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Newcastle disease

Newcastle disease (ND) is a highly contagious disease of birds caused by a paramyxo virus. Many species of birds, including commercial, wild and pet birds, can be affected. The disease is a worldwide problem and sporadic outbreaks occur frequently. The last outbreak in chickens and turkeys in the UK was in 1997. It occurred in pheasants in 2005 and in partridges in 2006.

The disease is notifiable: if you suspect the disease, you must immediately notify the duty vet in your local Animal Health Veterinary Laboratories Agency (AHVLA) office.

Latest situation

Defra monitors the occurrence of major animal disease outbreaks worldwide as an early warning to assess the risk these events may pose to the UK. International disease monitoring assessments are available.

About the disease

Affected birds may show a range of signs from mild illness to severe disease with dullness, loss of appetite, coughing, sneezing, diarrhoea and nervous signs. Hens may stop laying, or the eggs may be mis-shapen. In severe outbreaks a high proportion of infected birds may die. Chickens are very susceptible; ducks and geese are less so, and birds of the parrot family may carry mild strains for many months without showing any signs of illness. Statutory action to control ND is taken only for strains which are classified as “virulent”.

Spread transmission

  • Wild birds may be implicated in the introduction of the disease to domestic poultry.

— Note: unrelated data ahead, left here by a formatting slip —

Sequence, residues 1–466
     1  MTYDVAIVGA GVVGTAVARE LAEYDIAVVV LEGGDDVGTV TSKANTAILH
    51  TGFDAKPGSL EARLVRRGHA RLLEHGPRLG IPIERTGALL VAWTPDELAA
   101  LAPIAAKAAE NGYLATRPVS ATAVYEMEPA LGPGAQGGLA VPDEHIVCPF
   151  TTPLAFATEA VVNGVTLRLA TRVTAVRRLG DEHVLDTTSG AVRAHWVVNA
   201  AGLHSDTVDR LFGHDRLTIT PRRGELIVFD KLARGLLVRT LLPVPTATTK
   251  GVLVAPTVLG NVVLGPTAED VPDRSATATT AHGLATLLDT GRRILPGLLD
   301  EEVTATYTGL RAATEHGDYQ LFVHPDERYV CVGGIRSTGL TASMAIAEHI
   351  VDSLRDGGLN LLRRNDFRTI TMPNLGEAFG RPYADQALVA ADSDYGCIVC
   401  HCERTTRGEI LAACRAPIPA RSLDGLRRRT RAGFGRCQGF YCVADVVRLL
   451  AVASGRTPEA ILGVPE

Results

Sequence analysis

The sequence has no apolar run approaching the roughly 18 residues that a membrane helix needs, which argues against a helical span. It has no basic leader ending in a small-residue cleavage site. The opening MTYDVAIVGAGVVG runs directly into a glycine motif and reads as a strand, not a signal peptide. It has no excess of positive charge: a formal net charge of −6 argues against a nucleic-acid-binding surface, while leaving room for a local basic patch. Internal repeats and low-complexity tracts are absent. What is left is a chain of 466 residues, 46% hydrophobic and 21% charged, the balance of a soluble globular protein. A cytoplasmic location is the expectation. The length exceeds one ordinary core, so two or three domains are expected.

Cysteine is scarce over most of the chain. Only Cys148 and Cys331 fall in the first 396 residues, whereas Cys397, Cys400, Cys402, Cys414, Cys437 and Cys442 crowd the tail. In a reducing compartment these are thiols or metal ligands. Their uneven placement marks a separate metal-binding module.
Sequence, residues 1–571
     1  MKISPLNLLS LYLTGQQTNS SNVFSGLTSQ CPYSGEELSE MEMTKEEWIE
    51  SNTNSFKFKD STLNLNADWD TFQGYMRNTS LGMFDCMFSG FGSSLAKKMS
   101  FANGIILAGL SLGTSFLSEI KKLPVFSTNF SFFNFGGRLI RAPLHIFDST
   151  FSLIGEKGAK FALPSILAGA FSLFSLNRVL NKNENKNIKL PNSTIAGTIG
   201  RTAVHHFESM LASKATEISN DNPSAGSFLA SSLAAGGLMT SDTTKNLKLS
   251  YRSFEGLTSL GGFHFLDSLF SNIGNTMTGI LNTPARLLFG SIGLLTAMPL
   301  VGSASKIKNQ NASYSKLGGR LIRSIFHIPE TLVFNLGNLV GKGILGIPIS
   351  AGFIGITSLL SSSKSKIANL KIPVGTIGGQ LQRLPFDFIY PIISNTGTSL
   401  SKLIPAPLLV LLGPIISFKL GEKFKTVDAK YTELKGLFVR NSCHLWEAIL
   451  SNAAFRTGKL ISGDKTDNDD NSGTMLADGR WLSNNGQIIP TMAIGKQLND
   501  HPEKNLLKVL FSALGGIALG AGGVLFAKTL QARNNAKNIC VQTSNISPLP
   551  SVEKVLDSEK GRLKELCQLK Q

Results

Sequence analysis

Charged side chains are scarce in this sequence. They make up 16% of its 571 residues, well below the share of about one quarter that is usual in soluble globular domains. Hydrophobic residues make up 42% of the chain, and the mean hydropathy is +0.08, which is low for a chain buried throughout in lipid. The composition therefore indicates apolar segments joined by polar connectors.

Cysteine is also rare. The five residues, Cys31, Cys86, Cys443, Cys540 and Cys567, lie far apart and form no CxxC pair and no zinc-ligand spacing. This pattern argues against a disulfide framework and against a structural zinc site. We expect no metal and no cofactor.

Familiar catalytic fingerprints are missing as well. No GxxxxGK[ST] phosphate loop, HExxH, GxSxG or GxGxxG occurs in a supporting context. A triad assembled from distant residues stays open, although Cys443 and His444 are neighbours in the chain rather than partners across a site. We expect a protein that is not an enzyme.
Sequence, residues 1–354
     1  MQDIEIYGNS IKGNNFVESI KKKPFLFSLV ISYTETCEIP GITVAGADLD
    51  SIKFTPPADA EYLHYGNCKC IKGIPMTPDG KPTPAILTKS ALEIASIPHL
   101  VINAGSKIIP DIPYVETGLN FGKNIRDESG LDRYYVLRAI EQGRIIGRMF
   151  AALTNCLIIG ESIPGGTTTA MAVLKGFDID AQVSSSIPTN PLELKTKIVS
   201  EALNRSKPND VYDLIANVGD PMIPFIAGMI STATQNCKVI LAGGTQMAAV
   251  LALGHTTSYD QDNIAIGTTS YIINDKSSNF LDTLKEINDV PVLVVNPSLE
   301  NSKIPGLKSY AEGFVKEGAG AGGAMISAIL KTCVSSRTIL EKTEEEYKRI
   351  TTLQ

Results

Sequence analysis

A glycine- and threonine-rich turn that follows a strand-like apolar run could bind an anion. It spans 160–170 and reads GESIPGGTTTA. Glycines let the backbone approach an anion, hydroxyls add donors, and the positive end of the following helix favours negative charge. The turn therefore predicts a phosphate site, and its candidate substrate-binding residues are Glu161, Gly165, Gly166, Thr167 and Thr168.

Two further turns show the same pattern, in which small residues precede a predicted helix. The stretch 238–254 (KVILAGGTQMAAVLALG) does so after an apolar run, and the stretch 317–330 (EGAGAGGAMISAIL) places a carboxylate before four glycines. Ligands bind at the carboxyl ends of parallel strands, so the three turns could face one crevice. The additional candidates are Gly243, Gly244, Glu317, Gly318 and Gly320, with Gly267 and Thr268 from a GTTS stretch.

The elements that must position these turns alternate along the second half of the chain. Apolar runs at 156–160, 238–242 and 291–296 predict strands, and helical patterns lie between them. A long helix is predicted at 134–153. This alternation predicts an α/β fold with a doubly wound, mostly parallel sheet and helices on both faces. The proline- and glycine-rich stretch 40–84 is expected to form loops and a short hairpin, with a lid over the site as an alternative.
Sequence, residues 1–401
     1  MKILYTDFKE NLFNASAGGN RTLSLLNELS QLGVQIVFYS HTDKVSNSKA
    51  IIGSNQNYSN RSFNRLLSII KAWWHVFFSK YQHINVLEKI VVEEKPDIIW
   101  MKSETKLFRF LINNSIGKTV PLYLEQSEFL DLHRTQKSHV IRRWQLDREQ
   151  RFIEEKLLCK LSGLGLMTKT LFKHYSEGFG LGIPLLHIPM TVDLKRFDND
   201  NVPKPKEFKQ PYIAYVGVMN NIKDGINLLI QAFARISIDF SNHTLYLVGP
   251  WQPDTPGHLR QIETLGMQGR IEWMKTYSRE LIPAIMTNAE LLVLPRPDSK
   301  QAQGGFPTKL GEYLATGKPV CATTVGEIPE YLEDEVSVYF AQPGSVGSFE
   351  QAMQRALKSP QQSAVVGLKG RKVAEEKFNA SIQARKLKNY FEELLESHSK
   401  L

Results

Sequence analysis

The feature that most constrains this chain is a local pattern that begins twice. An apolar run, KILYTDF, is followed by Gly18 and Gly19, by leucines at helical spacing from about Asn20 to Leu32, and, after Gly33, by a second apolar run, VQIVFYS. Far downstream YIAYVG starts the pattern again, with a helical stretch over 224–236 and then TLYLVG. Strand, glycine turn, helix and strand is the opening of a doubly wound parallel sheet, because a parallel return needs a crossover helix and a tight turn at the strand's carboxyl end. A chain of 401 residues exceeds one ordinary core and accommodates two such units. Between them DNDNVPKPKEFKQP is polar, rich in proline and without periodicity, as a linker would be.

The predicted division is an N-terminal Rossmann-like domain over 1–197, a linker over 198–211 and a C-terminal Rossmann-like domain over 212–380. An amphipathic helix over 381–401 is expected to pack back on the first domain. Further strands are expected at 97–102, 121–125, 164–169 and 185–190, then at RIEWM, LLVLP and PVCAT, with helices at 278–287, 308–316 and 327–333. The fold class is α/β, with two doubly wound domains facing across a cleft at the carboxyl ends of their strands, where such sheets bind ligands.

• Direct contact with secretions from infected birds, especially faeces.
  • Contaminated vehicles, equipment, personnel, clothing, water or feed.

Disease prevention

It is vital that all bird keepers in the UK continue to practice the highest levels of biosecurity and be vigilant for any signs of disease. Early reporting, rapid action, biosecurity, culling and surveillance remain the most effective way of disease prevention.

Control strategies

If ND is suspected or confirmed in poultry or other captive birds in Great Britain, various disease control measures would come into effect on the premises and surrounding area in accordance with the Diseases of Poultry Order.

The measures that would be required in an outbreak can be grouped as:

  • Measures on suspicion of ND
  • Measures on confirmation of ND in poultry
  • Measures on confirmation of ND in other captive birds

The Diseases of Poultry Order also covers vaccination in the event of an outbreak.

Legislation

ND is subject to statutory control in both EU and domestic legislation. Domestic legislation includes regulations to reduce the chance of importing disease, and provides powers to control and eradicate outbreaks of ND. It also prohibits the feeding of waste food to poultry.

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Page last modified: 29 March 2013